Subject: Question 12.26: How does one atone for sins? Answer: The way in which atonement is achieved is one of the defining characteristics of Judaism. When the temple was still in existance, sins were atoned through offerings and the Jewish court system. Since the Temple was destroyed, a rabbinic system that has focused on prayer has arisen. The basic philosophy is that for sins against another human, one must atone to that person; for sins against G-d, one must atone to G-d. Typically, the atonement to G-d occurs on the holy day of Yom Kippur, when one prays and repents, and presumably changes one's ways. During this time, one also apologizes to those harmed for any grievences, intended or unintended. Apologies, however, are not enought. There are actually three phases: 1. Abandoning the sin 2. Regret 3. Verbal confession. Thoughts aren't as powerful as hearing yourself vocalize them Note that, in Jewish thought, any sin can be atoned through severe repentence, without death. However, there is the notion that true remorse for certain sins (such as murder) can only come with experiencing Yom Kippur, or sometimes even only with death. This is particularly true for those sins that would have been punished by death in the days of a Jewish court system (assuming all the legal details were met). However, that rule isn't hard and fast. Just as we can acheive atonement today without Temple sacrifices, remorse is possible even without death. There is the thought that there are some sins (murder, idolotry, and adultery) that one ought not violate even at risk to your own life. For example, under threat of death, one might eat non-Kosher food; however, if the choice is praying to an idol or death, one is supposed to choose death.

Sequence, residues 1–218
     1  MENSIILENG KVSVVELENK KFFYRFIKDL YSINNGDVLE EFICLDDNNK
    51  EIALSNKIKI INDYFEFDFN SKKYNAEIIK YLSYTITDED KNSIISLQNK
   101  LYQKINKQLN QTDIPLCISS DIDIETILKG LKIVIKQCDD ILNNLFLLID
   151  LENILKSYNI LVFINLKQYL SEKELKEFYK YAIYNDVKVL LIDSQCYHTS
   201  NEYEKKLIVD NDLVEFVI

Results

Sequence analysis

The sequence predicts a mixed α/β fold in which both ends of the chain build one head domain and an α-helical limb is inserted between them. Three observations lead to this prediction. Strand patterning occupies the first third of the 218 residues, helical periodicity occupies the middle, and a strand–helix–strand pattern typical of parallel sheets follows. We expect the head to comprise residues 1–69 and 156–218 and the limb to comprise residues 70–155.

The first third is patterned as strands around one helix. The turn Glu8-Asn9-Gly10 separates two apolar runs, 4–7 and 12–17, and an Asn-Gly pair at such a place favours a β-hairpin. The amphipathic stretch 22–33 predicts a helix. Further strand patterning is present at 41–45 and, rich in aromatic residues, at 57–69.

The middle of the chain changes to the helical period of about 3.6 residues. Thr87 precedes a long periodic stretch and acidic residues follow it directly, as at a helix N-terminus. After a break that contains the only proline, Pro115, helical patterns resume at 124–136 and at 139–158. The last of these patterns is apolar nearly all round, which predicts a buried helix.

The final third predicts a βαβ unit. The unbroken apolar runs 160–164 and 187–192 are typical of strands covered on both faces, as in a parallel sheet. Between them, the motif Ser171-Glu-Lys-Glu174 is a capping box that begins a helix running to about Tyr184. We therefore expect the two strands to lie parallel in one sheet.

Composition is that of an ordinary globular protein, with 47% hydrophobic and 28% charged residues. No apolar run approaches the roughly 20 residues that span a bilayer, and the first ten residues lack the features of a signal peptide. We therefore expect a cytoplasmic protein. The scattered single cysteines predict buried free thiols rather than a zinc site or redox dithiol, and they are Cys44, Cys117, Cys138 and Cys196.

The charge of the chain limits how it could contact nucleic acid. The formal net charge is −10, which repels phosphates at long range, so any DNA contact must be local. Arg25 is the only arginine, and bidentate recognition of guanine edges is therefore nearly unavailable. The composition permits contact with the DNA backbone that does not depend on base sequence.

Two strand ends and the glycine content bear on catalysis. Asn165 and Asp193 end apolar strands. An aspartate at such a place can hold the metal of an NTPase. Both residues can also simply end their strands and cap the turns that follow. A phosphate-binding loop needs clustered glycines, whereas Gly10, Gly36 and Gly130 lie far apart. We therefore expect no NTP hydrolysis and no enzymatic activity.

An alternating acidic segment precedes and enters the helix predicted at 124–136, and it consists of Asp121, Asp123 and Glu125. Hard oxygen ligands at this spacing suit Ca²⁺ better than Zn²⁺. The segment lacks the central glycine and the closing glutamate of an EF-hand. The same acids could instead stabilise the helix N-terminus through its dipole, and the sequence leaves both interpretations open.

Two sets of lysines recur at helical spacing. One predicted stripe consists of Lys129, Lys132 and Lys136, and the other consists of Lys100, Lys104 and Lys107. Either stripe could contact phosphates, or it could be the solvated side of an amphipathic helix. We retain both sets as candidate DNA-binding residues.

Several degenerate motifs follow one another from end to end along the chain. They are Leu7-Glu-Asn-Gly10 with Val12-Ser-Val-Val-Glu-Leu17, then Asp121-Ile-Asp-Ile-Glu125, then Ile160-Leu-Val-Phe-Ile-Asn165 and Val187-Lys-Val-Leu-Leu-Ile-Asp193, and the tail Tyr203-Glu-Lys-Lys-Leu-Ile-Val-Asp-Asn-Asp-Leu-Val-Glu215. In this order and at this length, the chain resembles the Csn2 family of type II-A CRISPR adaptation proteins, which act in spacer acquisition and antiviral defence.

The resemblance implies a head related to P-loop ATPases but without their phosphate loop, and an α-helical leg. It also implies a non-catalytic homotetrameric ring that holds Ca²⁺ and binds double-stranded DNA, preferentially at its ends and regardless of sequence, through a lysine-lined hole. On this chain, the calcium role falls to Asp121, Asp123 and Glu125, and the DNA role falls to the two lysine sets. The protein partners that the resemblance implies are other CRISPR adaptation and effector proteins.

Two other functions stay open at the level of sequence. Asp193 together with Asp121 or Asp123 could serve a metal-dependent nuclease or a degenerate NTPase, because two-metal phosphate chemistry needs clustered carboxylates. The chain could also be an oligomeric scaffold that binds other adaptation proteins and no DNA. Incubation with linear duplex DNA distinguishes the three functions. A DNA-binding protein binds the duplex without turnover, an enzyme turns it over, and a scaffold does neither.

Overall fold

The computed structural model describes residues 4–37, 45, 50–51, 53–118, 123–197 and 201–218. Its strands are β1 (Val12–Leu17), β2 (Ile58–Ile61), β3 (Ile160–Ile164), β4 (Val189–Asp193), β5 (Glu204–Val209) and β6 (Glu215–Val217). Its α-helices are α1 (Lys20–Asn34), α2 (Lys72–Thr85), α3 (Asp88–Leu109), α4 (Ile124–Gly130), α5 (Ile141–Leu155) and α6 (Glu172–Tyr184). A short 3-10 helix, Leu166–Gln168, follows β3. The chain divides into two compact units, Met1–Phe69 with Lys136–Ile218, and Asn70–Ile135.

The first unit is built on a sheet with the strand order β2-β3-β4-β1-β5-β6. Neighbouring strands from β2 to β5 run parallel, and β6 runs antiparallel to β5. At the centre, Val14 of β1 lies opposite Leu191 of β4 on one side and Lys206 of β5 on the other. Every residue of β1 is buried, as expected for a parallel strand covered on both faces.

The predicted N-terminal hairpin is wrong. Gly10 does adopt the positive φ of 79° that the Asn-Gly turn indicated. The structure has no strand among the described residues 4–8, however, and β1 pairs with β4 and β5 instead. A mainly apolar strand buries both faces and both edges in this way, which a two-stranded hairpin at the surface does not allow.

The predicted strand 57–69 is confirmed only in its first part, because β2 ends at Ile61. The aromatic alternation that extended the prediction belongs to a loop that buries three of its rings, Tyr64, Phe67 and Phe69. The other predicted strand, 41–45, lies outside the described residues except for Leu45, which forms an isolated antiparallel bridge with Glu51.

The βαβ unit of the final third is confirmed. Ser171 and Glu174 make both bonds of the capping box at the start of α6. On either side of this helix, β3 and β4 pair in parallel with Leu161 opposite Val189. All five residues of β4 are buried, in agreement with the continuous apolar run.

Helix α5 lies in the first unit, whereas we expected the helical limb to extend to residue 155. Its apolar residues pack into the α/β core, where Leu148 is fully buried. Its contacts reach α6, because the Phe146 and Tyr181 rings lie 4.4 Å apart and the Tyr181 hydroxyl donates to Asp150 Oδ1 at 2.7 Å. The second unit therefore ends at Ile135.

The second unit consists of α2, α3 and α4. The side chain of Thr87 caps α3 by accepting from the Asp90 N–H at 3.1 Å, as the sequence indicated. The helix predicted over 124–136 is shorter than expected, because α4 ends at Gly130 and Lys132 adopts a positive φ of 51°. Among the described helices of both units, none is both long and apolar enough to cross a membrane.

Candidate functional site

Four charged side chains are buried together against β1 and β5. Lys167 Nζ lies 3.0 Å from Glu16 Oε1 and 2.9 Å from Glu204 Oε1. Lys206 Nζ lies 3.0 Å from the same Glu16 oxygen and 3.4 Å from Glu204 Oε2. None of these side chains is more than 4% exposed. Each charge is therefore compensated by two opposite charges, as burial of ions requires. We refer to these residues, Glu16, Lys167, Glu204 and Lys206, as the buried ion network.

Subject: Question 12.27: What does Judaism say about the punishments in the Torah? Answer: The Torah contains many types of punshment, from stoning to death. Rabbi Moshe Feinstein points out that, on the surface, all punishments in the Torah appear ludicrous! How is it possible that a Jew is deserving of death by stoning for kindling a match on the Sabbath, whereas a thief only has to repay what he is stolen as a punishment (and in certain situations double)? Why is it that the concept of incarceration does not exist in the Torah (except for designating cities of refuge for someone who killed _unintentionally_)? Further, Judaism does not actually impose any penalties unless we have two independent, non-related eyewitnesses, who have warned the perpetrator before doing the act what punishment he will receive, and the perpetrator must answer them "Even so, I will transgress and do (whatever the bad act is)". Our rabbis teach us that a court that has put a person to death more than once in 7 years, and according to some opinions more than once in 70 years, is a "trigger happy" court, and must be disqualified! Is this a deterrent? The explanation, again according to Rav Feinstein, is that the Torah concept of punishment is entirely different from the secular concept of punishment. The reason there are punishments in secular law is to protect society. Hence, those who steal are locked up to "get them off the streets", and there is no punishment at all for people who choose to violate the Sabbath. However, the Torah perspective is that the punishment is not for the protection of society, for G-d guards and protects society. The Torah punishments are primarily a message to those who study them, teaching the gravity and essence of the laws that they are studying. For example, in traditional Judaism, a Jew who intentionally violates the Sabbath must be aware that this is an act of denial that G-d created the universe, and consequently his life is not worth living, because for what other purpose are we here other than to know and teach that there is one Creator whom we must serve! A person who steals must repay what he has stolen, to the point of going into servitude if he is unable to, to drive home the message of what he has done, and what steps thus must be taken to rectify it. We also find that the Talmud "borrowed" this technique, and taught us that there are some things that might seem trivial to us that we would do that are "deserving of death" or that a person who performs it "forfeits his life". One example is in Pirke Avot [Chapters of Our Fathers] (3:9), where we are taught that if someone is studying Torah as he is walking, and interrupts his studies to comment about how beautiful G-d's creation that is surrounding him is, he is considered to have "forfeited his life". Obviously we are not saying that we kill such a person; rather, there is an underlying message. So, when we read about a punishment in the Torah, we should ask ourselves: "What does the punishment teach me about this transgression, and how might I better improve my service of G-d with this knowledge?"